Jaguar XE sports saloon
Inside an XE is where it’s at, setting a Jaguar apart from opportunist marques. There are fine leather seats with lots of powered settings in the front, a scarcity of hard plastics and so on. The rear seats, fixed on the test car, had a fold-down central arm rest. The ivory and ebony leather trim looked splendid.
In this mid-life revision there’s a gear sector lever rather than a rotary dial. Soundproofing has been improved. A sleeker face is achieved by changing the shape of the front grille and the headlamps. There has been a cosmetic re-jig at the back including a lip which has been stuck on the boot edge. It no doubt adjusts the airflow at high speed but it is a visual disruption and cheapens the look.
The equipment level is good. All models have an 8-speed automatic gearbox, 2-litre turbo engines and £33,915 or thereabouts buys the 245.5bhp XE 250S with rear-wheel-drive and automatic gears. Rated at 0-62 mph in 6.5 seconds it is more than fast enough for anywhere in Britain. It is also a drinker, rated at 33 to 36mpg and 159g of CO2.
You may be inclined to keep faith with diesel and its economy. Just one option here, the 177.5bhp D180 from £34,555 in S level trim, rated at 46 to 50mpg, 130g and 0-62mph in 8.1 seconds.
Jaguar sent us the third engine option, the exciting XE 300 petrol, with 296bhp and all-wheel-drive, from £39,415. A 5.7 seconds 0-62 time puts it well up the grid, tempered by an official 30 to 33 mpg and 167g of CO2. Of interest, despite its sexy bhp, it hasn’t got as much torque as the diesel engine, with 295lb ft versus 317lb ft. That’s another tick for the diesel.
The D180 looks the smart buy, and you can have it with AWD from £36,415. However, beggars were not to be choosers on this occasion so I spent the week working on the economy of the XE300 – all the D180s being otherwise booked out.
There’s not much point prattling about the need for economy rather than dramatic acceleration these days. Anyone driving anywhere knows the futility of fast driving. You gain B-all and run the risk of speed traps and fuel poverty. I gave the XE300 a tentative push and too quickly was heading for trouble.
Jaguar speed limiters can be set to react to speed limit signs but I never found the system so had to be on full alert for those quirky changes in speed limits which often seem illogical and bait for speed cameras. The Jag had a camera blipper as well. So, all being well…
I drove it to Ullswater in the northern Lake District to see, with the latest Land Rover Discovery Sport – which shares some of the XE engines. Between you and me I preferred driving the Land Rover. SUVs give better visibility on country roads with walls and hedges and blind summits and the ride comfort is kinder.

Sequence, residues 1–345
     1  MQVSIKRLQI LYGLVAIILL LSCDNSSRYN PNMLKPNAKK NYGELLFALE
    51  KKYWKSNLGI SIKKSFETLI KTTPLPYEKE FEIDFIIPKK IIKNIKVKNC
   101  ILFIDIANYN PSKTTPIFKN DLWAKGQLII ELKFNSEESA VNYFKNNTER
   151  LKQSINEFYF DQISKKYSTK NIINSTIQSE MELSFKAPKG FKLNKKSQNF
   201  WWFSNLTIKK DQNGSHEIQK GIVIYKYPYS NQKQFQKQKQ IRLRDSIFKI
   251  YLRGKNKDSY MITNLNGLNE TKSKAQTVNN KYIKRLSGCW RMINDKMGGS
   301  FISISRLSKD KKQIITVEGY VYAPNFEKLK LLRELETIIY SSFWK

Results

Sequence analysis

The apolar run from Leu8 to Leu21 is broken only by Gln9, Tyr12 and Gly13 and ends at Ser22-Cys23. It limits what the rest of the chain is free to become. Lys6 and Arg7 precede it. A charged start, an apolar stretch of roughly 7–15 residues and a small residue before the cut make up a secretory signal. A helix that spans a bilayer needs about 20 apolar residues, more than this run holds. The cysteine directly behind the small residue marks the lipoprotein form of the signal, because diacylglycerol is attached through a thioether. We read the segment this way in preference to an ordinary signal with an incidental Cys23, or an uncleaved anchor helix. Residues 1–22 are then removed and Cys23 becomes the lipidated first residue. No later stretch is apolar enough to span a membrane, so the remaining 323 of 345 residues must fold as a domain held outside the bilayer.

The sensible 18-inch alloys had been replaced with street-cred 20-inch rims. These £900 eye-catchers were on 265/30 Pirelli P Zero at the back and 235/35 at the front. It is not a combination you’d want on poor surfaces. One lateral ridge – so subtle I never saw it – caused a whack which felt as if those wide, shallow tyres were flat. That occurred with the car on its “comfort” setting.
That said, the X has to remain a “driver’s car” to be a true Jaguar and a decent alternative to the German hierarchy. BMW’s 3-series, the Audi A4 and the Mercedes-Benz C-class are convincing rivals with sales far exceeding Jaguar Land Rover combined, and now Volvo has muddied the choice with its petrol-only S60 and super quick T8 hybrid.
It is a pity that diesel engines have become the dirty man of Europe. The modern diesel gives lovely performance with decent economy. High performance petrol cars are thirsty. Jaguar is not alone. Unless you are wealthy or have a company fuel card or lenient expenses you’ll shy away from petrol.
Jaguar has started its electric vehicle programme with the marvellous I-Pace SUV. More electrified Jaguars will follow. Unfortunately the system for charging your car at public locations is often laborious and, at its best, takes much longer than liquid refuelling.
Future Jaguars are being created at the company’s new design studio, bringing the entire team (now 280) into one place for the first time in the marque’s 84 years. Its director, Julian Thomson, says it is the most advanced automotive design centre in the world, developed to enhance the human creative design process with world-leading technologies. No excuses for failure, then.
Verdict: Lonely Brit up against the German and Swedish opposition.